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How AI can improve food safety

Fujitsu has developed a computer vision model that recognises hand washing gestures to ease the enforcement of stricter food handling rules in Japan

Japanese IT giant Fujitsu has developed a computer vision model that recognises hand washing gestures as food businesses across Japan brace themselves for stricter food handling rules amid the Covid-19 pandemic.

Under the new regulations, which will come into effect in June 2020 in Japan, food businesses are required to implement stronger measures to ensure hygiene in accordance with international food safety standards.

This has created an urgent need for a non-invasive approach to quickly and accurately confirm that handwashing is carried out in a proper manner.

Fujitsu’s model builds on its existing behavioural analytics capabilities, which can already recognise a variety of subtle and complex human movements using deep learning techniques without relying on large amounts of training data.

It has refined those recognition capabilities for hand movements to automatically recognise complicated hand movements performed during hand washing – a six-step process recommended by Japan’s Ministry of Health, Labour and Welfare.

The technology is expected to reduce the number of man-hours required for visual checks by inspectors for on-site sanitation management.

Gesture recognition using deep learning is a common technique for identifying hand and finger movements. The technique can detect multiple feature points – such as joints and fingertips – from an image of the hand and determine the hand gesture based on the positional relationship of the feature points.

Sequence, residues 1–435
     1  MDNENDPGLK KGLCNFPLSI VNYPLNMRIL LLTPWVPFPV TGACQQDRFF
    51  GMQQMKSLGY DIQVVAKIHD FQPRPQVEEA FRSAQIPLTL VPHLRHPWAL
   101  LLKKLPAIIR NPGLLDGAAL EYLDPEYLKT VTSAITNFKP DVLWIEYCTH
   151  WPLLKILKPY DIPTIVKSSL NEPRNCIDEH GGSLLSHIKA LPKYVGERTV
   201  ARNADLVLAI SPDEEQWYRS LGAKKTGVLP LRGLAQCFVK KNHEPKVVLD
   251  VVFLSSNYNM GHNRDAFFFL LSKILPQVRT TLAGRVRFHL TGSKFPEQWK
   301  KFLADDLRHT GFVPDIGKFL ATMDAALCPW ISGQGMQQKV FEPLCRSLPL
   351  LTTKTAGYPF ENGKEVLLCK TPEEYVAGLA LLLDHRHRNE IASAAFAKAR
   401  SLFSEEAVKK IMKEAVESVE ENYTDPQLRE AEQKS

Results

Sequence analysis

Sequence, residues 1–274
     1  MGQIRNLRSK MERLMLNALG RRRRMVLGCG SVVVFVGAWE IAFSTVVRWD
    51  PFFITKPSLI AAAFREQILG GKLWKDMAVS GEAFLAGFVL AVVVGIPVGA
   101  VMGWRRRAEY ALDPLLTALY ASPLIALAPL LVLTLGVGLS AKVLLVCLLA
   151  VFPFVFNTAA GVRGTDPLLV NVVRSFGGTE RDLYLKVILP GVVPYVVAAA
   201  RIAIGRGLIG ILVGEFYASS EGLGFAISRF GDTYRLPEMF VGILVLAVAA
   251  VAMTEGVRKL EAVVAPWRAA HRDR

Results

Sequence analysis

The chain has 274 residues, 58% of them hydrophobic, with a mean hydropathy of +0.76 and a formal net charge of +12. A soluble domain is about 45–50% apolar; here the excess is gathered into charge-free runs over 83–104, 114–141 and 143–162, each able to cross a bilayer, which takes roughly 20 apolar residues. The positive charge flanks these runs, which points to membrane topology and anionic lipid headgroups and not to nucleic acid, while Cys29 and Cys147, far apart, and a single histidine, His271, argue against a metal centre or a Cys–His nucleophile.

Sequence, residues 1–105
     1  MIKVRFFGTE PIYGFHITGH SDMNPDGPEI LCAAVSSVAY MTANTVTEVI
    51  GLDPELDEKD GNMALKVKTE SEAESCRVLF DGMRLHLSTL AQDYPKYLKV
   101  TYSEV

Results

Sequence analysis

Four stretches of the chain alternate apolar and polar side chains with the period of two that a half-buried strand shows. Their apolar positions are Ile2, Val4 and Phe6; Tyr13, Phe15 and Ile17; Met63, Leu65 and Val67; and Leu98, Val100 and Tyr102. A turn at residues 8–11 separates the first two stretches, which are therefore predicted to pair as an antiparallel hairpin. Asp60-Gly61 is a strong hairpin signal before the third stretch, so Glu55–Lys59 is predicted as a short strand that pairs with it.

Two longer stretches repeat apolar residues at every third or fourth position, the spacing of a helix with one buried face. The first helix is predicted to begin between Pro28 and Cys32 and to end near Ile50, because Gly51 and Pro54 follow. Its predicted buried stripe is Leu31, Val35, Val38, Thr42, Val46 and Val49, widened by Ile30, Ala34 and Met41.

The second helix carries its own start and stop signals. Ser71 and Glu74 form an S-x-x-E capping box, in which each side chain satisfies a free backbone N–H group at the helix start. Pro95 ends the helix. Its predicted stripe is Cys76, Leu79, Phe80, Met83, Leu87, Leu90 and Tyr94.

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However, one issue with the existing technology was that when people wash their hands correctly, both hands overlap and are lathered with soap, which obscures the detection points on the fingers and prevents accurate gesture recognition.

To address this challenge, Fujitsu’s technology captures images of complex handwashing movements as a combination of hand shape and repetitive rubbing motions, using two deep learning engines: hand shape recognition and motion recognition.

With a hand-wash video dataset comprising about 2,000 variations of people, camera positions, and soap types, Fujitsu said its technology was able to detect the six-step hand washing process with an accuracy rate of over 95%.

When implemented on the ground, a display will also indicate to food handlers that each step of the hand-washing process has been completed before they can move on to the next step. The data is automatically recorded, including timestamps and duration of each hand-washing action.

Besides food businesses, Fujitsu said its technology can be deployed at medical facilities, schools, hotels and venues for large events. It plans to conduct field trials and additional research and development to develop it into a potential offering in its artificial intelligence portfolio.

Apart from Fujitsu, public cloud giant Amazon Web Services has also developed a machine learning model that recognises hand gestures used in sign languages to facilitate communication with deaf-mute persons.

Built in about 10 days, the experimental model recognises and translates sign language gestures into text, as well as convert spoken words into text for a deaf-mute person to see.

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